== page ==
The pandemic was the catalyst for many educators. Suddenly the always lingering questions of what to do with a teaching degree outside of the classroom were answered. Educators went into ed tech, they opened and contracted with tutoring businesses, or worked at centers like the Boys and Girls Club of America. They also went back to school and earned degrees in nursing, certifications to become therapists and life coaches, and supported and started small businesses of every kind.
Suddenly major companies were noticing that educators have a valuable skill set. They work well with various people, are quick learners, and aren’t afraid to ask a question while paying attention to detail. Further, teachers have excellent organizational skills, the ability to multi-task, and many are better than average writers.
A job that many teachers found attractive is anything in ed tech. Any online learning platform needed teachers. So often, these positions were traditionally filled by well-meaning and educated folks who had never actually been in education. Now so many popular sites have the support of seasoned classroom educators to refine their work. Teachers also earned certification in various online educational programs and then developed programs to deliver to counties on the parts of the program that would best benefit students and teachers.
Some English teachers turn into writers. They write grants, tests, articles, and more. Grants make a significant difference when businesses or even schools have a special project they are attempting. Grant writing is challenging because attention to detail is paramount; the need must be clearly outlined and met to obtain and maintain the funds.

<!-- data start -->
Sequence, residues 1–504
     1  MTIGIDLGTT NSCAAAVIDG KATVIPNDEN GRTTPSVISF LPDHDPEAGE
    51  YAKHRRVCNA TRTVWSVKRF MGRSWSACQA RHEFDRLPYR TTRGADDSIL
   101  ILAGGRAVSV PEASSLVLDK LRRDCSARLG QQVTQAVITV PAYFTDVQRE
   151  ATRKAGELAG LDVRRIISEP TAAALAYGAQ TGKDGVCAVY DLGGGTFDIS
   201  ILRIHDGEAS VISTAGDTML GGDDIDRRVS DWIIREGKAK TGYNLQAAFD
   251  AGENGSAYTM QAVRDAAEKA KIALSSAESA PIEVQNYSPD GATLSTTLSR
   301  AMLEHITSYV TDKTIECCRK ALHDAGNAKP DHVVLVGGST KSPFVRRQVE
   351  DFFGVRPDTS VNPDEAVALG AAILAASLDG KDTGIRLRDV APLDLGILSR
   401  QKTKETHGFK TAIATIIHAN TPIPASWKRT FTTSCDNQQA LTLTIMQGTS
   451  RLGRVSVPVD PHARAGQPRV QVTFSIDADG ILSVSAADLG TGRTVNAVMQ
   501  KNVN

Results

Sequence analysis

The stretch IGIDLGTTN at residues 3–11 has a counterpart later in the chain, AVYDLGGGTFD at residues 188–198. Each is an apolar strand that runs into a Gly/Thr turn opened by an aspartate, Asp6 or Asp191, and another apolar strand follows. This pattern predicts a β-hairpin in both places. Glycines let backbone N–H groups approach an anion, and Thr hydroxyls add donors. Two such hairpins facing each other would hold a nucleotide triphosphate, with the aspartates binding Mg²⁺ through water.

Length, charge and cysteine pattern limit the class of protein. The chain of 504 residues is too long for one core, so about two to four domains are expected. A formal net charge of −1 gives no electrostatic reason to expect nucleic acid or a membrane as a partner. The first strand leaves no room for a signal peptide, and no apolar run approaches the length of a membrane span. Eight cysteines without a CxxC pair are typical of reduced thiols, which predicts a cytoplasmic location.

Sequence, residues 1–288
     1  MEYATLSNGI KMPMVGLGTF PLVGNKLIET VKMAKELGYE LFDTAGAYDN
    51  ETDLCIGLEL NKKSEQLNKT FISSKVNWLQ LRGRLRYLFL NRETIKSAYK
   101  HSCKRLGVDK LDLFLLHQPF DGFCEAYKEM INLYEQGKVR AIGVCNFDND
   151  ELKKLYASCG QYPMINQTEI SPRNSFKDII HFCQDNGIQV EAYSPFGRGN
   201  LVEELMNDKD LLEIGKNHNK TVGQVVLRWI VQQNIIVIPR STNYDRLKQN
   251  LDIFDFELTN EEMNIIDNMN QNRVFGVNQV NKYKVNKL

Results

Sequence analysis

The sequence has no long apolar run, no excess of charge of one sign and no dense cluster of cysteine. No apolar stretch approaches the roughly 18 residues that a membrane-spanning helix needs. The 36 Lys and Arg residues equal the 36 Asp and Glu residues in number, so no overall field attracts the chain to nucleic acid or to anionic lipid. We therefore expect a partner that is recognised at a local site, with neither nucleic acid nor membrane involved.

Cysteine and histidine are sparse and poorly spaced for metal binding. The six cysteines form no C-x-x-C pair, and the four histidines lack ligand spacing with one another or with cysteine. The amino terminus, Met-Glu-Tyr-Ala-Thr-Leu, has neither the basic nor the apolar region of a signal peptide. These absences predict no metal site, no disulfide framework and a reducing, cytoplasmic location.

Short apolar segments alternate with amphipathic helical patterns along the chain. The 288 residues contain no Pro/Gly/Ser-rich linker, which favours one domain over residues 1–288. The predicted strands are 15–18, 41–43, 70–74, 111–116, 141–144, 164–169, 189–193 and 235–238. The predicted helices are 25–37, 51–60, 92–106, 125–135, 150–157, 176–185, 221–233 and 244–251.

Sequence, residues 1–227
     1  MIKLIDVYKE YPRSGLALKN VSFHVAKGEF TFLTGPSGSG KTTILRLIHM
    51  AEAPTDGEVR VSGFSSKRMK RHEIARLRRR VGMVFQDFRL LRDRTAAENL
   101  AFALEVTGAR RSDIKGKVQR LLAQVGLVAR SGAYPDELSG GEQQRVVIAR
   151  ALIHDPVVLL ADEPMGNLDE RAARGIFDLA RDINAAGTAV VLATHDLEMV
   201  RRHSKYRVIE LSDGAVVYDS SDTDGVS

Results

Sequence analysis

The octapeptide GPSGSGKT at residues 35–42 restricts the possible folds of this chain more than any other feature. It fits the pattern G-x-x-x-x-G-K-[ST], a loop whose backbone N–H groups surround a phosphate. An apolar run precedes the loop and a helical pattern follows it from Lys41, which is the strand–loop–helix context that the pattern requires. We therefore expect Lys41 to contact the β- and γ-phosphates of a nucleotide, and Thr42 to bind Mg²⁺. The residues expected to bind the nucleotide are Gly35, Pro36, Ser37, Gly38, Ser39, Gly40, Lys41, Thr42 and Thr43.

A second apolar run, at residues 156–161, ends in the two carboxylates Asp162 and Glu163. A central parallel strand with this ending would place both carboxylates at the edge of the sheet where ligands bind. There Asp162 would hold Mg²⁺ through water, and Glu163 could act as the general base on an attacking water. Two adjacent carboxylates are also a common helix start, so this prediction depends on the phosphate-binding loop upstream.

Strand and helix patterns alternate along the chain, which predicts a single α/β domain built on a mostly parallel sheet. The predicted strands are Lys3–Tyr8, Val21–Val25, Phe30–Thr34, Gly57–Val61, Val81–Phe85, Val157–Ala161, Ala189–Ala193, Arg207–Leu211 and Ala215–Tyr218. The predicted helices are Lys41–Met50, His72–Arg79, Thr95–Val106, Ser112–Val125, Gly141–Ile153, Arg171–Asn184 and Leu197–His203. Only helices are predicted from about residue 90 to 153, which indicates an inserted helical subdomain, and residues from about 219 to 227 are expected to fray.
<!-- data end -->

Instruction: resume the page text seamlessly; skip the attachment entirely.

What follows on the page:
If the funds are used irresponsibly, it’s possible that the receiver could have to return the money. So, grant writing requires the eye of someone who doesn’t mind looking back over something multiple times, which is a practice that English teachers do regularly.
Many of those with a teaching degree and experience turned to the private sector and took on managerial positions. Truthfully, managing anywhere from 15-150 students a day has prepared most teachers to be able to work in positions where they facilitate and oversee many people at a time. They have an eye for efficiency, so once they learn the culture of a place, they not only have the skill to measure and monitor growth, but they also know how to encourage employees towards improvement without berating them and putting them down. Most teachers have incredible patience and empathy and can ascertain that fine line between giving someone another chance or letting them get away with something that deserves criticism or discipline.
Then there are those educators who have completely re-arranged their lives and decided to stay home and school their own children. They have created homeschool networks where they can work with other home school parents to be compensated for their time and experience.
Some educators took to heart all that their colleagues across the world had endured for the past two years. They acquired licensing so that they could become therapists and began practicing and supporting teachers as they try to work through what the pandemic has revealed about education as a whole.
Teachers have endured unimaginable abuse, heightened expectations, and so much loss, all while attempting to support our future. Therapists who have an educational background can provide insight and attention to the specific needs of those that work in school buildings.